MILW F-M H-16-66 524 by Chuck Zeiler Via Flickr: Milwaukee Road F-M H-16-66 524 at Escanaba, Michigan on November 9, 1975, Kodachrome by J. H. Nixon, Chuck Zeiler collection. There is conflicting information about this locomotive, the following is from the book, ‘Faribanks-Morse Locomotives In Color’, by Jim Boyd: The Milwaukee Road was one of only four customers to buy the H-16-66 Baby Trainmasters from Fairbanks-Morse. They were delivered in two batches, numbers 2125-2127 ( later 550-552 ) were built during August-September 1953, and 2128-2130 ( later, 553-555, later still 547-549 ) were built during September 1953, and all were classed 16-FRS-6 by the Milwaukee. Somehow, the second batch had lower construction ( serial ) numbers. The book does not connect this road number to any previous number, but the book, “Milwaukee Road Locomotives, Volume Three”, by Thomas J. Strauss, states this locomotive was built in September 1953 as 2128 ( c/n 16L693 ), renumbered to 553, then 547, then 524, equipped with MU connections at both ends, no dynamic brakes. Only 60 H16-66’s were built, with the C&NW owning 50, the Milwaukee owning eight, Alcoa owning one, and TVA owning one.
MILW U36C 8500 brand new at Bensenville by James Lewnard Via Flickr: Caption” An Erie Lackawanna transfer brought brand new Milwaukee Road U36C 8500 to Bensenville, where the roundhouse crew set the unit up for service. On June 26, 1972, I called a crew for a Bensenville to Savanna freight with 8500 and 8502 for power. The units spent a few days serving in Illinois before being sent to the West Coast lines.”
Caption: “Milwaukee Road C&E South Line (Kingsbury Branch) switcher at
Wallace Press, which in this era was the southern-most customer on the
branch, 5-7-86. I’m standing under the Ohio Street expressway
entrance, at the corner of Kingsbury and Ohio looking south. The Wallace
Press building is still there today, converted to condos, and the
buildings across Kingsbury are also still there. However, there are now a
number of high-rise condos in this same view, and few clues to suggest
that the railroad ever came through here.”
IMG009 by Joseph Petric Via Flickr: On a cold night in February 1969, the Milwaukee Road Skytop lounge cars for both Morning and Afternoon Hiawathas, were caught at the Minneapolis coach yard. Four photographers from Illinois were able to get this shot.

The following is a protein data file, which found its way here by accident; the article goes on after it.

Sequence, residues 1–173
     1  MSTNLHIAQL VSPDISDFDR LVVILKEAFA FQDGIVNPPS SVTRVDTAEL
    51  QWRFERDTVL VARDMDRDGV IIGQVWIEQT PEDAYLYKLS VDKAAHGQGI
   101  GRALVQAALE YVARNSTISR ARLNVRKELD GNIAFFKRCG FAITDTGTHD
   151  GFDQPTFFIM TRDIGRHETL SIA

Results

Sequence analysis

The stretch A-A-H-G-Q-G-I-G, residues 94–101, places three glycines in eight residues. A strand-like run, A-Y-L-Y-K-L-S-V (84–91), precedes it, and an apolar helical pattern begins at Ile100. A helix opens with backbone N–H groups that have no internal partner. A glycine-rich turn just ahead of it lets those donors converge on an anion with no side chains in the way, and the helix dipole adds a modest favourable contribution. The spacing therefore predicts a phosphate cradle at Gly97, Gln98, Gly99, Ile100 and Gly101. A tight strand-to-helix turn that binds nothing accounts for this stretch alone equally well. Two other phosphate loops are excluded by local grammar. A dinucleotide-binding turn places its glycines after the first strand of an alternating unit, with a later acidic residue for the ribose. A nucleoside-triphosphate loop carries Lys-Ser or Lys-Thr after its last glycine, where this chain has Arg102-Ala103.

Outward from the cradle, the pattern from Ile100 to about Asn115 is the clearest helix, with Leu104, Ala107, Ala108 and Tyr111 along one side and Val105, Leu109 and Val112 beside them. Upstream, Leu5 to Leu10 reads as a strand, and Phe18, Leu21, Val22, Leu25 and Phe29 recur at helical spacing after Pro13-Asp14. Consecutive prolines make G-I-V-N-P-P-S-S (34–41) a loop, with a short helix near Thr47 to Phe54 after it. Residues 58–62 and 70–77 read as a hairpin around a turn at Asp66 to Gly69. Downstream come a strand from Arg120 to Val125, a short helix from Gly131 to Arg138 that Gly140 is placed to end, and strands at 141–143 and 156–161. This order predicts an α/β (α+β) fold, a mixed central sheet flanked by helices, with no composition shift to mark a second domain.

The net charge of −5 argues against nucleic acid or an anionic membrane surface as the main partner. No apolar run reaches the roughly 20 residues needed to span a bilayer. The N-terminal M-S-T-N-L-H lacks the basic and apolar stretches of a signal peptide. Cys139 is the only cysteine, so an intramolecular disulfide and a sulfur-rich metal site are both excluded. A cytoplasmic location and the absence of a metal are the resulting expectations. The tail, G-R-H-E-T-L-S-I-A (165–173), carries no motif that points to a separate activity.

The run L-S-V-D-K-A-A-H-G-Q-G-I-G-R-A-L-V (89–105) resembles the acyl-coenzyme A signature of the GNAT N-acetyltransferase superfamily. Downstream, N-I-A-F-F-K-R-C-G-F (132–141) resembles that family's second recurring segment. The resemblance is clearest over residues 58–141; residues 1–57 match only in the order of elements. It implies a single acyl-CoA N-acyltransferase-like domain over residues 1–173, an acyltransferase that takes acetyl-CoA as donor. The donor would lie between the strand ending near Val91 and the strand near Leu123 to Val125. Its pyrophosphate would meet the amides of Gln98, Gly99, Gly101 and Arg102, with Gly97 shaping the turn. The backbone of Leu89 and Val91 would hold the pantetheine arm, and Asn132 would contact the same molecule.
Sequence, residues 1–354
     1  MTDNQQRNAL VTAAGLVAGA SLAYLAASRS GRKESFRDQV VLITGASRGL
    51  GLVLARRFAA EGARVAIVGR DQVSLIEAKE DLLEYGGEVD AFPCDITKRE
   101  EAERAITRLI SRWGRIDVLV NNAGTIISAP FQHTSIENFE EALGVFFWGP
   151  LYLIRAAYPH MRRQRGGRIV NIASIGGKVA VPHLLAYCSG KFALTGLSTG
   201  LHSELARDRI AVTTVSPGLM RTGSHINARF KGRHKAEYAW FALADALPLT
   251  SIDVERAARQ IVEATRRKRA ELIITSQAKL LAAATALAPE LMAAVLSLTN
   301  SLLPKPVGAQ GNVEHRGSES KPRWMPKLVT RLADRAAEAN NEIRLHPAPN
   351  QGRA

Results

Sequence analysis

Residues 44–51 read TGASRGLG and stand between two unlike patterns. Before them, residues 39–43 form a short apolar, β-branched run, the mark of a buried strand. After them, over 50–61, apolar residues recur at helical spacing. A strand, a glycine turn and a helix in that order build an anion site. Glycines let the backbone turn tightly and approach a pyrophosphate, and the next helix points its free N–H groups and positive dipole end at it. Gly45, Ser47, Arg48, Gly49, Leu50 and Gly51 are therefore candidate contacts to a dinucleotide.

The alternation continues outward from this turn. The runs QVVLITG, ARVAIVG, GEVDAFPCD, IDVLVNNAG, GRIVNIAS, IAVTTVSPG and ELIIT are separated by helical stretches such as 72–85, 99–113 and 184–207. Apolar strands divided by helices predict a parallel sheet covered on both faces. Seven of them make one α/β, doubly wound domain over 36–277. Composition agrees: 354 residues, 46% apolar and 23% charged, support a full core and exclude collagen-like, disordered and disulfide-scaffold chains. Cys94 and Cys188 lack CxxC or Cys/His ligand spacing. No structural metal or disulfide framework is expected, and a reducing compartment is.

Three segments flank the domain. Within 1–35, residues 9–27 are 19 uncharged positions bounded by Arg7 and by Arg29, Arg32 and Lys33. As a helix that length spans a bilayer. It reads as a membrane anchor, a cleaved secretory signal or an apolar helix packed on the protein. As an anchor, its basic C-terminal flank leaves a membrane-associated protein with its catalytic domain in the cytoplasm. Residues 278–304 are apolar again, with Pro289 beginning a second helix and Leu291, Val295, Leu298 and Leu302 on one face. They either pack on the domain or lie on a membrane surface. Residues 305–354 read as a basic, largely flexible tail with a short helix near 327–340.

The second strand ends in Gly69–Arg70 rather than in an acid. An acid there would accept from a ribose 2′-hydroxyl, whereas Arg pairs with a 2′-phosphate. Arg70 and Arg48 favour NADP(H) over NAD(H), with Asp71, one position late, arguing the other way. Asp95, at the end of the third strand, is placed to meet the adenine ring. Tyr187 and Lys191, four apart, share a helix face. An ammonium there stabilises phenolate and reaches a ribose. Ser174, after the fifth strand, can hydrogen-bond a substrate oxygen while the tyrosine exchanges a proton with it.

Near milepost 51 on Interstate 90 in western Montana. When the Milwaukee Road built through this land (1906-1909) it was considered extreme wilderness approaching the Idaho state boarder. Material and supplies had to be brought in by wagon train or, if fortunate enough, by rail from the Northern Pacific Railroad which might be in close proximity. When the US government undertook the task of building the highways and later the US Interstate Systems into the far reaches of the Western United States they had the railroads to haul material, men and supplies in large quantities. Several US Highways and Interstate Highways followed in the footsteps of the early railroads when searching for a route across the landscape. Here, near Superior, MT the Interstate follows the trail blazed by the Milwaukee Road nearly a century before. In July of 1973 an eastbound Milwaukee train led by two “Little Joe” electrics rumbles along the old grade while automobiles and trucks begin enjoying smooth travel over new I-90. Four-plus decades later and the railroad has fallen away, replaced by the concrete pad that carries vehicles over it at 80+mph.
If you’re interested in finding this location on google maps, i spent the twenty minutes for you and found it myself.
Road’s Morning Hiawatha has just left Chicago Union Station on a northerly
course, but now has completed a sharp westerly turn to cross under the
C&NW tracks heading into North Western Station, and over Clinton
Street, about halfway between Fulton and Kinzie.”
Bottom: “The Morning Hiawatha is now headed
west towards Minneapolis, but not on exclusively Milwaukee Road rails.
These are the joint tracks of the PRR and the Milwaukee. The position
light signal, the head of which is showing above that last car, and
another one, the back of which is beyond the Milwaukee Avenue viaduct,
signify the PRR’s part-ownership.”
‘Hiawatha’ makes ready, 1943 by Michael Ryerson Via Flickr: January 1943. “Chicago Union Station. Streamliner 'Hiawatha’ ready to depart the Chicago, Milwaukee, Saint Paul & Pacific platform on the north side of the station.” Photo by Jack Delano, Office of War Information.